Pyongyang threatens a fast, ‘peculiar’ attack

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Pyongyang threatens a fast, ‘peculiar’ attack


North Korea yesterday threatened the South, saying they would stage “a special action by revolutionary forces” against the Blue House and local media.

“The special actions of our revolutionary armed forces will start soon to meet the reckless challenge of the group of traitors,” the North’s Korean People’s Army’s “unit for special action strategy” said in a statement yesterday.

“The target of our special action is Lee Myung-bak’s traitor group and his rats, including the conservative media that swings public opinion.

“Once the above-said special actions kick off, they will reduce all the rat-like groups and the bases for provocations to ashes in three or four minutes, or faster than that, by unprecedented, peculiar means and methods of our own style,” they said.

The so-called “special unit” pointed out a series of actions by President Lee, which they considered insulting to their sovereign state and the dignity of their leader.

“On April 20, [President Lee] appeared at the Institute for Unification Education, which is a nest of rats, and said, ‘Now what North Korea needs is not only bread but liberty and human rights,’” the statement said. “And he said if we don’t give up our will to develop missiles, they should focus on ‘a change of the North’s system,’ and they should make us ‘reform agriculture and dissolve the cooperative farms,’ which is none of his business.”

The statement continued: “On the previous day, April 19, [Lee] also appeared at a puppet organization called the Agency for Defense Development and touched some shoddy missiles, saying they have the precision and capacity to ‘immediately bomb’ any part of our sacred state. And there, the puppet Defense Minister Kim Kwan-jin and other military, war-like freaks danced to his tune.”

In a response to the North’s failed rocket launch on April 13, the Ministry of National Defense unveiled two high-end missiles never before seen by the public, saying they could attack anywhere in North Korean territory.

The statement also mentioned by name South Korean media organizations it described as “slaves of the traitors.”

“Meanwhile, the slaves of the traitors, the old conservative media, is forming public opinion,” it said. “The broadcasters, such as Dong-A Ilbo, KBS, MBC, and YTN, which are located in central Seoul, are participating in the move.”

While fiery threats against the South are commonplace from Pyongyang, analysts speculated that North Korea could use high-end technology for the forecast provocation.

“Firing a missile toward the South is an act of war, which would be difficult for them,” Yang Moo-jin, a professor at the University of North Korean Studies, told the Korea JoongAng Daily. “They could commit a cyberattack or jam South Korean military communication.”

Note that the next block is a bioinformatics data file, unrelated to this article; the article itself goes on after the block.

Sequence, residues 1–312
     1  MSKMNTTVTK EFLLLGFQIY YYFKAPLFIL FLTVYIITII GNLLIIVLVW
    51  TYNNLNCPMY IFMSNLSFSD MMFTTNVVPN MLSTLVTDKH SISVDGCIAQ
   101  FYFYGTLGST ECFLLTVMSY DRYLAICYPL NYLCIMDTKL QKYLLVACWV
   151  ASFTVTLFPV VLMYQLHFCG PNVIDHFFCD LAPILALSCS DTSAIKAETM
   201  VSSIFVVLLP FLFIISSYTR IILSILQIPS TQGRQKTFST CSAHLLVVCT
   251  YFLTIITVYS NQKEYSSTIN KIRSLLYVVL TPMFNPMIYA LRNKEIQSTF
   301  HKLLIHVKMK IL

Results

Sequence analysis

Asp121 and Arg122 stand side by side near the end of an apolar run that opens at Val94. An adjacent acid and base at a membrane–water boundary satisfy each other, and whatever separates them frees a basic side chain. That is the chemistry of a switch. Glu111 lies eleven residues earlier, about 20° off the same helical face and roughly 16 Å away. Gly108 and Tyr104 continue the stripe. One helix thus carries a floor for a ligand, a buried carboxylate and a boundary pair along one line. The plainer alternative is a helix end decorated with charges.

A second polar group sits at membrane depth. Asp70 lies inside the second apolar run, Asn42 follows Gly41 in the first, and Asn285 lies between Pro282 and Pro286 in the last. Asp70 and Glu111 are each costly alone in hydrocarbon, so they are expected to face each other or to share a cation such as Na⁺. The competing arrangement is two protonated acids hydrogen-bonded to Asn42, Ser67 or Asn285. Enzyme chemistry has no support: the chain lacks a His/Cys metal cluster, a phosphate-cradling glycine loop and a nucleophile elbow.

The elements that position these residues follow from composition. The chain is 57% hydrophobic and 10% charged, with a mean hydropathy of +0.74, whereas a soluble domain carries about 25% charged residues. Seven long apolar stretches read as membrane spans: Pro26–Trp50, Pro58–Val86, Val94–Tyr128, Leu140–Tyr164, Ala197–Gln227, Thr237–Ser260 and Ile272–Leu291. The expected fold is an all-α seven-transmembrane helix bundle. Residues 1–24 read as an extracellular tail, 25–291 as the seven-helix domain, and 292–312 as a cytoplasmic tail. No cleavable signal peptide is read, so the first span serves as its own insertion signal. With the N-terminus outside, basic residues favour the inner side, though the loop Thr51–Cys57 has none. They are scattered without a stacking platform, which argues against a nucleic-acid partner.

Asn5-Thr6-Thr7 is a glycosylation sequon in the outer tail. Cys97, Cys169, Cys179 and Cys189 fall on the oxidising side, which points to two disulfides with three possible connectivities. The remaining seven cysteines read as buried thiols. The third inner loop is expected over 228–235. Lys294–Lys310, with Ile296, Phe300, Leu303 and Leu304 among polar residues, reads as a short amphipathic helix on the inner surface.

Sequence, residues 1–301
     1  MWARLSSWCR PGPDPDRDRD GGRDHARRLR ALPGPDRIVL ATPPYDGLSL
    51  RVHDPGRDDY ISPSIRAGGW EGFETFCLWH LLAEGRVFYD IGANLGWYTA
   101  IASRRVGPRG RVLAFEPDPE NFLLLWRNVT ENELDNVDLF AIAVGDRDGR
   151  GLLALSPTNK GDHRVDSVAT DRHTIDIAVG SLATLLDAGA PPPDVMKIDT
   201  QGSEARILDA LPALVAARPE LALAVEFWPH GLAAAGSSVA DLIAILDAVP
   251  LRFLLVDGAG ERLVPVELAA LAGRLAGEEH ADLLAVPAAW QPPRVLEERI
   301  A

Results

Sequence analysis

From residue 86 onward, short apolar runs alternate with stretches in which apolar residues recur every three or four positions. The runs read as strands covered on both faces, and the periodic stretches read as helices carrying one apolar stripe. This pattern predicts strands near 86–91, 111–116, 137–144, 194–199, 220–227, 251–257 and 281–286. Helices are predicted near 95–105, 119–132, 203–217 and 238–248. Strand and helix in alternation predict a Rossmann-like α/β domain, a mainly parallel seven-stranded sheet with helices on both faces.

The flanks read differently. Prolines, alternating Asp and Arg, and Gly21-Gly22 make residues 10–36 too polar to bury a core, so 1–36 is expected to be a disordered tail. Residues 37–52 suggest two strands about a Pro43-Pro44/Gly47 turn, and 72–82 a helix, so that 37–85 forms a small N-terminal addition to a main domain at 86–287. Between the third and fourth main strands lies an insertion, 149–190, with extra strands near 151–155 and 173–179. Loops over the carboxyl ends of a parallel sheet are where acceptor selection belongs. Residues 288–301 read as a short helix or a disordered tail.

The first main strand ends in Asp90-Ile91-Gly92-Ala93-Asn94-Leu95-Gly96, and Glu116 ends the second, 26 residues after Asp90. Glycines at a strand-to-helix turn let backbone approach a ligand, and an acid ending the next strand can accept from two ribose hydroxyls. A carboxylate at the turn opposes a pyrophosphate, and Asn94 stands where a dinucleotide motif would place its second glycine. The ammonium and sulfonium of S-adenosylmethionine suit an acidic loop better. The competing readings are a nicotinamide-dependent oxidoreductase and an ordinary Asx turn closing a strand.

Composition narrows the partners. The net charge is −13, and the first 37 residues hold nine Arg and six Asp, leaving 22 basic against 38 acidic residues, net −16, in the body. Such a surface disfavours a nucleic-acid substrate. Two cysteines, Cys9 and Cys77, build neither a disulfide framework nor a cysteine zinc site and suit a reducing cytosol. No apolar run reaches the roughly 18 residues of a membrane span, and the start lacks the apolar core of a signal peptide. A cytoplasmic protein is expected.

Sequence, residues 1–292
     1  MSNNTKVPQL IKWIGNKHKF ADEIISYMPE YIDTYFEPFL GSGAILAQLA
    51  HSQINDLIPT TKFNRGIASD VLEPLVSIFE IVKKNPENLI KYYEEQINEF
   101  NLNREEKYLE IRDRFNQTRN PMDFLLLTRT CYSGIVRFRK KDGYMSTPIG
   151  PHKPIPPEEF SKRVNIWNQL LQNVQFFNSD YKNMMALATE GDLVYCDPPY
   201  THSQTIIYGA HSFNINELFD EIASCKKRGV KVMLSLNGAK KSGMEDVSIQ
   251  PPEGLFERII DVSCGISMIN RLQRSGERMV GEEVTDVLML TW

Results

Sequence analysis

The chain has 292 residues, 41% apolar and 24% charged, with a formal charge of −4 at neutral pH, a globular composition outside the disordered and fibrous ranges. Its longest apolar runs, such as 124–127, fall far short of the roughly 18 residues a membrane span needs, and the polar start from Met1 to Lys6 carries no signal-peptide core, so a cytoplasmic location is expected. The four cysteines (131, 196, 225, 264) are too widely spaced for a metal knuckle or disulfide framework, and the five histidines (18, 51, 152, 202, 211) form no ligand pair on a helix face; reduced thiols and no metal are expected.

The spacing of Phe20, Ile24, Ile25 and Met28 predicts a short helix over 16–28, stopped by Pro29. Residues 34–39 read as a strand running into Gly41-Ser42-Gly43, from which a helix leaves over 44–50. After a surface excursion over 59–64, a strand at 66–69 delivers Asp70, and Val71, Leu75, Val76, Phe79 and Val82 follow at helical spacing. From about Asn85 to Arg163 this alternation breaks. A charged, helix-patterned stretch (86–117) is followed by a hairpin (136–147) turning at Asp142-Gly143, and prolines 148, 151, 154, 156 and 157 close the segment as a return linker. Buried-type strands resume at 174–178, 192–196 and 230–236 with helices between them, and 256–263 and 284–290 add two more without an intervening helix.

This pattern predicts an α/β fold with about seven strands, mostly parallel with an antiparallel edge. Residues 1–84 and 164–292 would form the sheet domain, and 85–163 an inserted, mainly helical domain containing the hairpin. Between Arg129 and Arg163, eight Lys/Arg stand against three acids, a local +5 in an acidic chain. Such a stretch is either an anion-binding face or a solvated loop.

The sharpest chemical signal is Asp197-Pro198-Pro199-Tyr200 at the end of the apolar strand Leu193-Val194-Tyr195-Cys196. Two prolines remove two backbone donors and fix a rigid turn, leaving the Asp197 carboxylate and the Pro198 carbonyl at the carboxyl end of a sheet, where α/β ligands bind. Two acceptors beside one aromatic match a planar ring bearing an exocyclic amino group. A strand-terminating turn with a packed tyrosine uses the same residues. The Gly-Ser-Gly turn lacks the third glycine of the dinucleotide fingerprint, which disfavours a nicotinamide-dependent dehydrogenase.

Yang said it was rare for “a unit for special action strategy” to issue such a statement. “And the target is really specific: the Lee administration and conservative media, which are based in central Seoul,” Yang said.

Yun Duk-min, a professor at the state-run Institute for Foreign Affairs and National Security, told the Korea JoongAng Daily that North Korea appears to want to create an external crisis to consolidate Kim Jong-un’s rule.

“I guess that the North is trying to solidify its internal power structure by creating a crisis outside in the aftermath of the failure of the missile launch,” Yun said. “And that means they are having trouble in consolidating internal powers, with the possibility of military officials challenging the new leader Jong-un.”

Cheong Seong-chang, a senior fellow at the Sejong Institute, said the so-called special action must have been the work of new leader Kim Jong-un, showing a hawkish attitude in dealing with South Korea.

“From a cyberattack on the homepages of the Blue House, government-backed organizations or local media to biological terror, an active response to any kind of provocations seems to be needed,” Cheong said.

“It would be a realistic judgment to see Kim Jong-un as the most hard-line person, exhorting North Korean officials to be hostile against the South,” Cheong said. “Considering his pragmatic and hawkish personality along with his lack of experience as a policy maker, the North Korea of Kim Jong-un could be much more threatening and hard to control than his father’s.”

By Kim Hee-jin []
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